Zero-waste 3D printed skirt
We met with designer Julia Daviy recently, we had the pleasure of discussing with her the benefits that 3D printing technologies bring to the fashion industry in terms of design opportunities and sustainability. Recently, she launched a new piece, it’s a 3D printed skirt that is both fully customisable and environmentally friendly. The manufacturing process for this new piece is a zero-waste process, patented by the artist. The 3D printed skirt is already available on order and can be customised according to the tastes and colours available on her website – it is the first garment marketed by the designer.
Julia Daviy launched her collection of 3D printed clothing in 2017, joining the few market initiatives that combined 3D printing and fashion. It must be said that this is an extremely interesting manufacturing method for the sector because it offers more geometric freedom, more complex designs, a wider choice of materials while enabling greater customisation. 3D printing can also be considered a more sustainable means of production because it uses only the material it needs, generating less waste. This last point is dear to Julia Daviy who wants to produce sustainable clothing – her 3D printed skirt is the latest addition to her collection.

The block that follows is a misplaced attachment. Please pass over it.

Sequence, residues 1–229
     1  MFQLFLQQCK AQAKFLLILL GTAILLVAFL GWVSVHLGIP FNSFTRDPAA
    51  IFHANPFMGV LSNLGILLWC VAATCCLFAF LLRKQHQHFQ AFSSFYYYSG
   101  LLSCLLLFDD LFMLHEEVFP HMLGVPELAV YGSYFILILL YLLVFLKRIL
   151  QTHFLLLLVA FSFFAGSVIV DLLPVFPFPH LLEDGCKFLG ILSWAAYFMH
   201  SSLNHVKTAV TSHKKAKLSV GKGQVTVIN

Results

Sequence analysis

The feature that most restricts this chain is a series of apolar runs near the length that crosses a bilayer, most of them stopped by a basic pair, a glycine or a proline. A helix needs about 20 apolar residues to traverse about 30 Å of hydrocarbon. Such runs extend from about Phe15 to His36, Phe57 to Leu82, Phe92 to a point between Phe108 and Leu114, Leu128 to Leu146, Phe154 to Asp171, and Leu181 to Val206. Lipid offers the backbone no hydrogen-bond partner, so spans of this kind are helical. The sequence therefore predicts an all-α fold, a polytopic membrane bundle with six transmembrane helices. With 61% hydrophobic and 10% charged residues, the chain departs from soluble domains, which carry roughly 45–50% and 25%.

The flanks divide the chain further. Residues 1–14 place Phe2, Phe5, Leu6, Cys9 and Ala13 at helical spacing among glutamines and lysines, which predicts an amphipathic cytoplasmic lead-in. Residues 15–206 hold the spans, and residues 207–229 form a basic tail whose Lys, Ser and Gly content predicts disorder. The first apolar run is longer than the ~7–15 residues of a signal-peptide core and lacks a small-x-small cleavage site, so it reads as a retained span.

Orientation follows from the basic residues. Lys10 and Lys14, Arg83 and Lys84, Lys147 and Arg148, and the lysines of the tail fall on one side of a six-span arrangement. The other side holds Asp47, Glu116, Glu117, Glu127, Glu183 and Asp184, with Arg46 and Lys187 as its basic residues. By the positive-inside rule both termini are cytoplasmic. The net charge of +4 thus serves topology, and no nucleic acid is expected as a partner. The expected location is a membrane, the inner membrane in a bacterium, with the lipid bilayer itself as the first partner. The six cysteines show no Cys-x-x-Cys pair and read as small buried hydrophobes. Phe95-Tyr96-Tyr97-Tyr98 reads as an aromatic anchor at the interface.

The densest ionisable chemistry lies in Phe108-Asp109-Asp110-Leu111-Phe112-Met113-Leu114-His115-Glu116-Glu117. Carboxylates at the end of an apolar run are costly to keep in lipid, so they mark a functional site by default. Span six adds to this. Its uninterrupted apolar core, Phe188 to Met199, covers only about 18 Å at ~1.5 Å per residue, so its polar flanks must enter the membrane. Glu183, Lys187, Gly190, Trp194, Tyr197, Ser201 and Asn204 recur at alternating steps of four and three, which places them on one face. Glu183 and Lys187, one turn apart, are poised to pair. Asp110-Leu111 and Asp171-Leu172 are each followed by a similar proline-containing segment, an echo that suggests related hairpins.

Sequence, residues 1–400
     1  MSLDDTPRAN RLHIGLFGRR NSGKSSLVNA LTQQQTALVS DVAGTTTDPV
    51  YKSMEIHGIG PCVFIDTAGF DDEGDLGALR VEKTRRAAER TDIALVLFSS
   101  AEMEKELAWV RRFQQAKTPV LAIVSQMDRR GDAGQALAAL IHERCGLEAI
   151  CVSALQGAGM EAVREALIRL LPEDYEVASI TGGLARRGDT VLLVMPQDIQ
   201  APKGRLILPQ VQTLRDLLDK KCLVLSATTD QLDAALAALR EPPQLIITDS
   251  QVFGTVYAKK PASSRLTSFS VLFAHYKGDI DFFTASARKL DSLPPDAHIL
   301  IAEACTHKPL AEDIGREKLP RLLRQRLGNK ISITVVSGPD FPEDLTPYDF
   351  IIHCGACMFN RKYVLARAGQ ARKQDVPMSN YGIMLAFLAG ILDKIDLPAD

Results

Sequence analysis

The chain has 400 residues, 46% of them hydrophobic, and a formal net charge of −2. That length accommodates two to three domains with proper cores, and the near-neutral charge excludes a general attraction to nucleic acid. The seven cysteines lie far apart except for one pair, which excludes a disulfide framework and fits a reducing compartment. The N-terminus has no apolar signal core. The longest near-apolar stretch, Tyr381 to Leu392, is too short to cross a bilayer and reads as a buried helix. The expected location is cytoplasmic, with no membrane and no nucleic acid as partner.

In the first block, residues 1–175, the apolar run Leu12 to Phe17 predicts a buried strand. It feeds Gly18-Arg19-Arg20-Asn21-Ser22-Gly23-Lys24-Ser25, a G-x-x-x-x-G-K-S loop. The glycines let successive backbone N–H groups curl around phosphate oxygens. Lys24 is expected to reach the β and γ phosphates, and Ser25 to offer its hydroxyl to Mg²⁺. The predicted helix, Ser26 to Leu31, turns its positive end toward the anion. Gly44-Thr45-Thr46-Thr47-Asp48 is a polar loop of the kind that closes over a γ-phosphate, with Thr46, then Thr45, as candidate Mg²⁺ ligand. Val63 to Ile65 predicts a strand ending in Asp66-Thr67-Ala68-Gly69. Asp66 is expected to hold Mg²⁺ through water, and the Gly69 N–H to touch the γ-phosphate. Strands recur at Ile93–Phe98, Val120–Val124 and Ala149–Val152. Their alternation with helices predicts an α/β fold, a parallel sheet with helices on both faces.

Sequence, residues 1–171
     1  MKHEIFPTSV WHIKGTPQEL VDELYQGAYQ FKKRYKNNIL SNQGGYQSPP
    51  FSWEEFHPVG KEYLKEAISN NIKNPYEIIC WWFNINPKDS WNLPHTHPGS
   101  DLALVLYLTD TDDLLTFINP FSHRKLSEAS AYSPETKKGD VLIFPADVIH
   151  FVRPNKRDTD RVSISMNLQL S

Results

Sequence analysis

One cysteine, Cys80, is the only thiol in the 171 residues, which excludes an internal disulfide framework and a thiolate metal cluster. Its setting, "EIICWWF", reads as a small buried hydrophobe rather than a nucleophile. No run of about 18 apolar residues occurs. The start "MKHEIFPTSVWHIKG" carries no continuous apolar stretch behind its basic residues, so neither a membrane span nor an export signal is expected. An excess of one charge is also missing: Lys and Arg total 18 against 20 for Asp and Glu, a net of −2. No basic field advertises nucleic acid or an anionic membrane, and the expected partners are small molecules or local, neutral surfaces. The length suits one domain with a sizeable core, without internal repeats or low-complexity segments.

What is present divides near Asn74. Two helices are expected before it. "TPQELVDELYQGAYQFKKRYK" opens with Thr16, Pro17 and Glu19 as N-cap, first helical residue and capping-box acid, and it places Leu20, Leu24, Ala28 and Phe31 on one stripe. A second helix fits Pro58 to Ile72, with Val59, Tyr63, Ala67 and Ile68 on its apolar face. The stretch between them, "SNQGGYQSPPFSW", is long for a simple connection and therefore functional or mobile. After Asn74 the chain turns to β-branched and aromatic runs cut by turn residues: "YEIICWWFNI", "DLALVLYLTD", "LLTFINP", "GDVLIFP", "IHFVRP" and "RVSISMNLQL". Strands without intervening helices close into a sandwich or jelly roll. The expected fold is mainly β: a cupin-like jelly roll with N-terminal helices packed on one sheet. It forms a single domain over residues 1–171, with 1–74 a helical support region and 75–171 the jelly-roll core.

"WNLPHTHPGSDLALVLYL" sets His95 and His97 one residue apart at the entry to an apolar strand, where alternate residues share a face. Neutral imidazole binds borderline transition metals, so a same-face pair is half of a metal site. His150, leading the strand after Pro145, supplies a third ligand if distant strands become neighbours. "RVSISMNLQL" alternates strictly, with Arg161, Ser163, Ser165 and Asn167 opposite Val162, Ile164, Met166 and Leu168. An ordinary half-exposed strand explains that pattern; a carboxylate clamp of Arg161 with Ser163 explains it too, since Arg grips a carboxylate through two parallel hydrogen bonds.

A 3D printed skirt that generates zero waste
Fully customisable, this skirt is made from 100% recyclable filaments. It combines both a fairly classic style with an innovative design, resembling lace – made possible from 3D printing. With this 3D printed skirt, the designer shows that technology is not just for podiums and that anyone can wear 3D printed clothing tomorrow, as long as they pay a price. Yes, because the skirt still costs $780, it is made on demand, according to the final customer’s choice of colours, materials and styles. Julia says she models, prints and delivers the skirt in less than 10 days.
Julia Daviy adds: “This is a truly durable, waste-free skirt, designed and produced in the United States using revolutionary technology, invented and patented by our teams. This method allows us to 3D print garments containing less than 1% waste in the manufacturing process. The skirt is produced by combining innovative 3D printing methods with fabric linings and luxury trimmings that meet the highest environmental and ethical standards.“
The designer hopes that 3D printing will be used more in the fashion sector – she explained in her last interview that she did not see a viable future for this sector without the use of 3D technologies. Find more information about this skirt printed in 3D HERE.
What do you think of this 3D printed skirt? Let us know in a comment below or on our Facebook and Twitter page! Don’t forget to sign up for our free weekly Newsletter, with all the latest news in 3D printing delivered straight to your inbox!